Students with language and communication impairments
The effective communication requires an integration of all four of language components (phonology, syntax, semantics, pragmatics). Children with language and communication problems can experience difficulties with any or all of the four components of language.
They can have problems with the sounds of the language (phonology) and in pronouncing words, particularly multisyllabic words - words with more than 2 syllables - for example: hippopotamus. Difficulties with the sound system can lead to problems with literacy when students have to convert the grapheme (letter) into the phoneme (sound).
Problems can also be seen in grammar, with difficulties using morphemes (smallest meaningful unit of sound) to indicate tense for example, ‘catch’ versus ‘caught’, as well as problems putting words together to form more complex sentences, for example, using conjunctions like ‘but’ and ‘however’.
Problems in semantics manifest in word finding difficulties, with students struggling to find the target word and overusing general words like ‘thing’ and ‘stuff’ and ‘uhm’ and ‘er’.
Students with semantic difficulties may also show a reduced vocabulary and the words they do have in their repertoire will often be very literal and limited to very specific items. For example, the word ‘sweet’ will be used to indicate a tasty snack that one buys from the newsagent, but not be extended to include the chocolate mousse dessert eaten as the last course of dinner. There will also be less understanding of this word in a more figurative sense, i.e. to indicate the personality of a man, i.e. the sweet-natured man.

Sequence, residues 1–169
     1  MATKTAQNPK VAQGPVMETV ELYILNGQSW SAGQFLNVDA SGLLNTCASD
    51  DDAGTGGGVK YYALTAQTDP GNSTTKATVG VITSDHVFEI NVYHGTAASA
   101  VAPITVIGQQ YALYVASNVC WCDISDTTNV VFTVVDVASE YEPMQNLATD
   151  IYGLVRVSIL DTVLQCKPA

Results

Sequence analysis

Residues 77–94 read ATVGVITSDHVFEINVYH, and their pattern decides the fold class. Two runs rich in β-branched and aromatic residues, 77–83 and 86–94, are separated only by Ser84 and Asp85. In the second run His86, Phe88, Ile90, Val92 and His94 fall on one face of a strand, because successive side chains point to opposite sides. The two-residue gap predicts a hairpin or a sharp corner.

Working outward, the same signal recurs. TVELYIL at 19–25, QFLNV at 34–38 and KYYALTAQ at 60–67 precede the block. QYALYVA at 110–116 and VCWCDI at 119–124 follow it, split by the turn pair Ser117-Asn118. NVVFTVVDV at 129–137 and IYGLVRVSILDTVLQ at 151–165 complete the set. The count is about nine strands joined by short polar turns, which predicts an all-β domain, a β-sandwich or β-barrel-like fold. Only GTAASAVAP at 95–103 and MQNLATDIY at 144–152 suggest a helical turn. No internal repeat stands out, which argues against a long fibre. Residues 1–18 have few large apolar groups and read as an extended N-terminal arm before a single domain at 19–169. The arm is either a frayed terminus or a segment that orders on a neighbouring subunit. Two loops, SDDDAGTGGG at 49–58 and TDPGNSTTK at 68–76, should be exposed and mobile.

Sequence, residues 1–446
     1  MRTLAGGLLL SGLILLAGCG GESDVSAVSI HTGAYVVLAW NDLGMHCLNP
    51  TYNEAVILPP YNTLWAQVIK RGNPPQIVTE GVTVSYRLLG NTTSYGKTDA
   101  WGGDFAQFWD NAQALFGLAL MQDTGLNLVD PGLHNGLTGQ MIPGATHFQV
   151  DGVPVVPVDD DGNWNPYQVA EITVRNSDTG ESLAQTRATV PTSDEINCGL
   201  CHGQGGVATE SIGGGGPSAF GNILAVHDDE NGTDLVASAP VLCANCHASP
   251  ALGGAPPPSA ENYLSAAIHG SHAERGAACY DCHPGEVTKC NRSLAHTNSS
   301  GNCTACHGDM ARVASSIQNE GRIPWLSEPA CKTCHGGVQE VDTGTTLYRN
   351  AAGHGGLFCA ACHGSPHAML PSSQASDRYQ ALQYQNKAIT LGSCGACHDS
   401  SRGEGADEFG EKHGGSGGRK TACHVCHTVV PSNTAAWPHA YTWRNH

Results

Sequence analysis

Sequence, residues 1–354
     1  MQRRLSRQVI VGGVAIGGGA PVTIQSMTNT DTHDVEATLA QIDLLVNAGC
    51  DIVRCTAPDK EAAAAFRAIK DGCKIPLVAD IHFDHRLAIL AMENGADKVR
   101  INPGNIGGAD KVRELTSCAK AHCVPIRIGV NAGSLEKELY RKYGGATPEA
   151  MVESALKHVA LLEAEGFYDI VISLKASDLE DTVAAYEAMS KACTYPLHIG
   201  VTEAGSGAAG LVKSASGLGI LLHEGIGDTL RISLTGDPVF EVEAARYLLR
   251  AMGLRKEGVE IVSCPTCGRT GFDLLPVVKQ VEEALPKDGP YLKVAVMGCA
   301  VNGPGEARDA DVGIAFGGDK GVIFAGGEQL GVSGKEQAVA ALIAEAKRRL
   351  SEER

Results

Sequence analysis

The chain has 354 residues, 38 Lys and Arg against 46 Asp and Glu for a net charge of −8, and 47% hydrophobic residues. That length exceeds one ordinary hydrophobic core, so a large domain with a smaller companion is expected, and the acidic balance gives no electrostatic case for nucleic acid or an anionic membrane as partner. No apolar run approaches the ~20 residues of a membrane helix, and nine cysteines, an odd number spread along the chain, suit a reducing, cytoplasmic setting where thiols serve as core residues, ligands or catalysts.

Problems with pragmatics involve the way children use language. Pragmatic difficulties can be seen when students use language inappropriately, for example, they may use the same language when talking to their peers and head teacher not understanding the need to change language depending on the listener. Pragmatics also includes choosing the most appropriate words, and the use and interpretation of appropriate non-verbal language (facial expression and body language) to communicate effectively.
All these difficulties can involve the understanding (reception) and expression of language. Students with language problems also have difficulties with attention, concentration and listening. They also may experience difficulties with memory. All these difficulties can impede learning across all subjects on the National Curriculum and also make social interaction more difficult. It is important to remember that children with language impairments are a very heterogeneous group and present with different strengths and areas of need.